Jindal weighs in on immigration

Associated Press file photo -- Gov. Bobby Jindal is seen in the September 2011 file photo. Show caption
Associated Press file photo -- Gov. Bobby Jindal is seen in the September 2011 file photo.

Gov. Bobby Jindal denounced a U.S. Senate immigration bill Tuesday as a government pork-laden power grab by Democrats that could demonize Republicans among Hispanic voters.
Jindal, the son of immigrants, shared his viewpoint in an editorial for “National Review,” which is a self-described conservative magazine.
The governor wrote that the so-called Gang of Eight bill passed by the U.S. Senate is a win-win for Democrats. Passage of the bill would grant amnesty to millions without resolving the country’s immigration problems, while failure would allow Democrats to tell Hispanic voters that Republicans are to blame, he said.
The so-called Gang of Eight group of four Republicans and four Democrats proposed the legislation, arguing that a majority of both parties want to fix the nation’s “broken” immigration system.
“If and when the folks in Washington want to successfully reform our immigration system, they will have to accept the simple fact that it needs to be done in stages. An all-or-nothing approach will likely yield what it usually yields — nothing,” the governor wrote.
At issue is Senate-passed immigration legislation — called the Gang of Eight bill — that drew a favorable vote from U.S. Sen. Mary Landrieu, D-La., and criticism from U.S. Sen. David Vitter, R-La.
Republicans’ main complaint is that they want to strengthen border security before increasing U.S. citizenship.
The bill would crack down on Mexican border security, offer a path to citizenship after more than 10 years and expand guest worker programs in areas ranging from the sciences to agriculture.
The federal government estimates there are 11 million people living in the country without legal permission.
Under the bill, 700 miles of new fencing would be built along the U.S.-Mexico border, an entry-exit tracking system would be added and the number of border agents eventually would double.
Landrieu characterized the bill as implementing “more robust and smarter border security measures.”
The U.S. House is debating how to take up its own version of the bill.
One option is only passing border security bills. Another option is taking up a comprehensive House bill that’s still being drafted. The third, and currently least likely, is for the House to take up the bill passed by the Senate.
U.S. Reps. Bill Cassidy, R-Baton Rouge, and Steve Scalise, R-Jefferson, said they first want to secure the nation’s borders. U.S. Rep. Cedric Richmond, D-New Orleans, supports a comprehensive immigration approach, but is concerned about tailoring diversity visas toward high-skilled immigrants.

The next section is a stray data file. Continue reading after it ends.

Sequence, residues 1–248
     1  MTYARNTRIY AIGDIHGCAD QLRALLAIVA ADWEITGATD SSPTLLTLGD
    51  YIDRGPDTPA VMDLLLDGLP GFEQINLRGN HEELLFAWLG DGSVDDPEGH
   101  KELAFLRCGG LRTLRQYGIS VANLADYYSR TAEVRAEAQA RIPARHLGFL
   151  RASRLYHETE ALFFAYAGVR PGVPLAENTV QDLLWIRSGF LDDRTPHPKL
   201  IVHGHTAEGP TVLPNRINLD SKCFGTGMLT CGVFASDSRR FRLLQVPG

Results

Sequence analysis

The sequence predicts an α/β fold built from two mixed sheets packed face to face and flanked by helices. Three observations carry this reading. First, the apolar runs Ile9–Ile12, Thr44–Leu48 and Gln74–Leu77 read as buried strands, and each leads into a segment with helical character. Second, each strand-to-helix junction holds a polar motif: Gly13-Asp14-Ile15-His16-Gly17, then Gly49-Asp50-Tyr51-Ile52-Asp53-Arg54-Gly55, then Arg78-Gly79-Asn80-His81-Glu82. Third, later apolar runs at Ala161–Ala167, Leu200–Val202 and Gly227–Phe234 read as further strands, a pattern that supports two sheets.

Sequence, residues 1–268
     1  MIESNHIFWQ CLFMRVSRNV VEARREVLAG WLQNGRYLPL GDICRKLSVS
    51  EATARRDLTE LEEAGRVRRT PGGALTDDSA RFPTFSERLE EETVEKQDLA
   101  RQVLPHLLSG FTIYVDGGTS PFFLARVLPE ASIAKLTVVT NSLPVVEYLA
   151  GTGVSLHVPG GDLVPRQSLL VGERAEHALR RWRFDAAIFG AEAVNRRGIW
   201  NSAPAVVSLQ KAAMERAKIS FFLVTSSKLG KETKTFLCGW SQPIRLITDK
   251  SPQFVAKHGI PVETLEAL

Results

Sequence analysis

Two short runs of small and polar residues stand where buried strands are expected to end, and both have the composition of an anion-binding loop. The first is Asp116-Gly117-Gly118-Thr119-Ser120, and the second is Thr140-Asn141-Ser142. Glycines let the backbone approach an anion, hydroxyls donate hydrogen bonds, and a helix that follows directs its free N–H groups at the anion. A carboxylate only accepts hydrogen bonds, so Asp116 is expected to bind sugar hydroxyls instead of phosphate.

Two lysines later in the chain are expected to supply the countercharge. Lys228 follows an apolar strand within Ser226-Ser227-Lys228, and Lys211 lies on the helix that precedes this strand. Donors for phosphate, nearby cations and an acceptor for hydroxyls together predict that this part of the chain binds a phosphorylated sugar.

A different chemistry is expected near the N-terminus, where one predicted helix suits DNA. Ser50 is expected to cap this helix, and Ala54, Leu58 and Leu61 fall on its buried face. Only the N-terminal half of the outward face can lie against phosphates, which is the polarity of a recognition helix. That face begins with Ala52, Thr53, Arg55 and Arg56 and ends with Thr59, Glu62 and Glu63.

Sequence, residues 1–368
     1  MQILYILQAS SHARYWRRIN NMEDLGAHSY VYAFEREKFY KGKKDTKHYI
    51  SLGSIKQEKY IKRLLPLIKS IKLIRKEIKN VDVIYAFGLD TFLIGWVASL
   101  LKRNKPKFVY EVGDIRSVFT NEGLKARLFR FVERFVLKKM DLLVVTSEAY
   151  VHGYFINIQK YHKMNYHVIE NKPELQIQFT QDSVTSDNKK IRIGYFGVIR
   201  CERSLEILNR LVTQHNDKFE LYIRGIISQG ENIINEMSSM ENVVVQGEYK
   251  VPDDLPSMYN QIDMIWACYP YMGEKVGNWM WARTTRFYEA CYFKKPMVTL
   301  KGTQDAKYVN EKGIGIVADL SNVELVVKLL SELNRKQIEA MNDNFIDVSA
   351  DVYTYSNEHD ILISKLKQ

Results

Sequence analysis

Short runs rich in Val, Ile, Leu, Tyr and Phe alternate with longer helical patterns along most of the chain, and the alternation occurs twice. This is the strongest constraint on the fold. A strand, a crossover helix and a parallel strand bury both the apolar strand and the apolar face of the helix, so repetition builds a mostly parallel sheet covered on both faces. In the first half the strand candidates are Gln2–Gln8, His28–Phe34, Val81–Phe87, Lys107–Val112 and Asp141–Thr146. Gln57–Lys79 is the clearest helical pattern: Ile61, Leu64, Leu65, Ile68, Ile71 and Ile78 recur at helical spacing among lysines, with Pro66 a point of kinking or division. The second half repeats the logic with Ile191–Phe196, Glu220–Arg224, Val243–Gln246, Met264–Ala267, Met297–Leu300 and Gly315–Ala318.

Jindal complained that the Gang of Eight bill would help promote Las Vegas as a travel destination, provide free visa applications for Hollywood and give Vermont an Obama-style stimulus program. He said many Democrats seem to care more about the pork than immigration issues.
“The critics will also say that conservative Republicans, even once the border is secured, will still oppose a pathway for turning illegal immigrants who are already here into legal immigrants. I disagree,” the governor wrote.
Jindal’s ideas include:
1. First, securing the border through fencing and technology.
2. Deporting those engaged in criminal activity.
3. Withholding welfare and unemployment benefits from illegal residents “for a substantial period of time.”
4. Requiring English proficiency, paying a fine and building up a long work history before granting U.S. citizenship.
5. Implementing a guest visa program to offer legal status to those who are here illegally.
Jindal’s parents, Amar and Raj Jindal, moved to the U.S. from India shortly before his birth to pursue educational and career opportunities. Jindal’s wife, Supriya, was born in India.
The governor’s parents settled in Baton Rouge, where they raised Jindal and his brother.
Jindal’s spokesman, Sean Lansing, said Raj Jindal became a U.S. citizen on Sept. 21, 1976. Lansing said the governor’s father, Amar, achieved U.S. citizenship a decade later, on Dec. 4, 1986.
“I’m an unapologetic advocate for immigration. I believe immigration is crucial for the health and growth of our nation. That’s why it’s so troublesome to see Washington in the process of botching immigration reform for the umpteenth time.” Jindal wrote.

ON THE INTERNET:

Jindal’s National Review essay is available at:

http://www.nationalreview.com/article/352983/botching-immigration-again-gov-bobby-jindal

Jordan Blum with the Advocate Washington Bureau contributed to this report.